This book investigates the troubled relationship between medieval studies and medievalism. Acknowledging that the medieval and medievalism are mutually constitutive, and that their texts can be read using similar strategies, it argues that medieval writers offer powerful models for the ways in which contemporary desire determines the constitution of the past. This desire can not only connect us with the past but can reconnect readers in the present with the lost history of what may be called the 'medievalism of the medievals'. In other words, to come to terms with the history of the medieval is to understand that it already offers us a model of how to relate to the past. -- .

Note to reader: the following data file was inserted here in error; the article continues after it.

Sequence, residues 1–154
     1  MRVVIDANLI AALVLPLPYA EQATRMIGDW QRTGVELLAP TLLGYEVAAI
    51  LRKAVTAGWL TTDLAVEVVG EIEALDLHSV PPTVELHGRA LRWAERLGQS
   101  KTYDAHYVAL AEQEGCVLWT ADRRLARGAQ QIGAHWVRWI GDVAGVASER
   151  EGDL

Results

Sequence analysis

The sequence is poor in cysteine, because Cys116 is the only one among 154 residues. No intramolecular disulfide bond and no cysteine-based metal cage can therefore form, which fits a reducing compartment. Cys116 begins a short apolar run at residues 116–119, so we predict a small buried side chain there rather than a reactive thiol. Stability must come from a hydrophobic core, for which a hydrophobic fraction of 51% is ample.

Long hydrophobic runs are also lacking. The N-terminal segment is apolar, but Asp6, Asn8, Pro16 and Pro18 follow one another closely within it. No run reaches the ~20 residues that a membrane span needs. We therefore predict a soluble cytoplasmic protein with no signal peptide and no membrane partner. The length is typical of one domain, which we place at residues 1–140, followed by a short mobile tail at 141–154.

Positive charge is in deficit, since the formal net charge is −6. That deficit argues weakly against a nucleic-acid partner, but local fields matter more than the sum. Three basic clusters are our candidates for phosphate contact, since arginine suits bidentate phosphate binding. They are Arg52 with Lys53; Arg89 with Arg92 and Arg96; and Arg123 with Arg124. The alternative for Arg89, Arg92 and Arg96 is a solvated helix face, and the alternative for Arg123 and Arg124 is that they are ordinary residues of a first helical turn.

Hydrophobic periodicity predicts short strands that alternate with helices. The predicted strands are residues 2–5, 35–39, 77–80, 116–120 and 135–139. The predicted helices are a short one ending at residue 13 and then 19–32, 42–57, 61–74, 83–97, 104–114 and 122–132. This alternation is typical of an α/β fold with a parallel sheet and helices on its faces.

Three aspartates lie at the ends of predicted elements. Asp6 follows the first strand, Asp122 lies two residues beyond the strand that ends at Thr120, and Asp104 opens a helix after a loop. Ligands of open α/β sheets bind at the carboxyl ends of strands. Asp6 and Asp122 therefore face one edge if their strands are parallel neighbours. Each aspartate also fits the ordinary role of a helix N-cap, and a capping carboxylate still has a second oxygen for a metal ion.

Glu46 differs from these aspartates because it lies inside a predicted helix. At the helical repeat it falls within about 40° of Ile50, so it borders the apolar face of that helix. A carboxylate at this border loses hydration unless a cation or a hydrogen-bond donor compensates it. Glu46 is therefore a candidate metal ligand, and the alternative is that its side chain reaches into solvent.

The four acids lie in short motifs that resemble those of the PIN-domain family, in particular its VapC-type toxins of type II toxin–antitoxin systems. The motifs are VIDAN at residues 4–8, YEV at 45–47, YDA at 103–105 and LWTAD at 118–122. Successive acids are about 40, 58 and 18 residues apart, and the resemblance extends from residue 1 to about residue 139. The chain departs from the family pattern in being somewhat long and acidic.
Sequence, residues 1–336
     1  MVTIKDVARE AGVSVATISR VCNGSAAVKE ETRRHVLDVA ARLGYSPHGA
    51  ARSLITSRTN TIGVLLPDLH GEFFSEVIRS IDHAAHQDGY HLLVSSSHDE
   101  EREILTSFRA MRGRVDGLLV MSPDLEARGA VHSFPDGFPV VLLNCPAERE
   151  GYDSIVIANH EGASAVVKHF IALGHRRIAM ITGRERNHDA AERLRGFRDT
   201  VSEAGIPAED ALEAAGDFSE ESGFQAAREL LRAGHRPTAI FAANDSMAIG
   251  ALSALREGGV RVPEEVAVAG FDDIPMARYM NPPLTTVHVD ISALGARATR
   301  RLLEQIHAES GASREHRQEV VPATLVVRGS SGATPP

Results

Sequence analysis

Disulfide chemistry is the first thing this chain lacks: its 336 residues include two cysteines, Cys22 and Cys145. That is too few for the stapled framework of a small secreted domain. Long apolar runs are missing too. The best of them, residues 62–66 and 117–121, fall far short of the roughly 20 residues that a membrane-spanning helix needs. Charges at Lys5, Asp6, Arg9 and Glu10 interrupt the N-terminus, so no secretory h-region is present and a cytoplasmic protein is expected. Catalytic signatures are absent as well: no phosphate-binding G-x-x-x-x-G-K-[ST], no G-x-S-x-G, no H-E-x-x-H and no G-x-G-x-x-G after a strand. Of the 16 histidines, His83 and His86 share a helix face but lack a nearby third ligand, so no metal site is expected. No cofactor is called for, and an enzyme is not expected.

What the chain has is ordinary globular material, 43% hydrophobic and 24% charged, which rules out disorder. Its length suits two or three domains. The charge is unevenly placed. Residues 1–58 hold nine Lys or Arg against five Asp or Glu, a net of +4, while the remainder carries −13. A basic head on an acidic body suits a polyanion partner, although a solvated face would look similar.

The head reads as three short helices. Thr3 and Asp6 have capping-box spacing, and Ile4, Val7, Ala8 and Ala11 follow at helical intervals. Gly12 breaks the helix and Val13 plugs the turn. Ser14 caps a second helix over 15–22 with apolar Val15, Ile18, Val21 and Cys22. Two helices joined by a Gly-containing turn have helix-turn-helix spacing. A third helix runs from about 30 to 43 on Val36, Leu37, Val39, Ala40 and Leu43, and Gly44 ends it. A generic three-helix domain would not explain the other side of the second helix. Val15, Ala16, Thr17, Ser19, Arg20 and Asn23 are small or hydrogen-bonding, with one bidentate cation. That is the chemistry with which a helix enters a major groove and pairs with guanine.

Thomas A. Prendergast is Professor of English at the College of Wooster Stephanie Trigg is Redmond Barry Distinguished Professor of English Literature at the University of Melbourne -- .
Introduction: Medieval and medievalist practice 1 The space of time and the medievalist imaginary 2 Wonderful things 3 Fear, error and death: The abjection of the Middle Ages 4 Loving the past 5 Discontent in the age of mechanical reproduction Bibliography Index -- .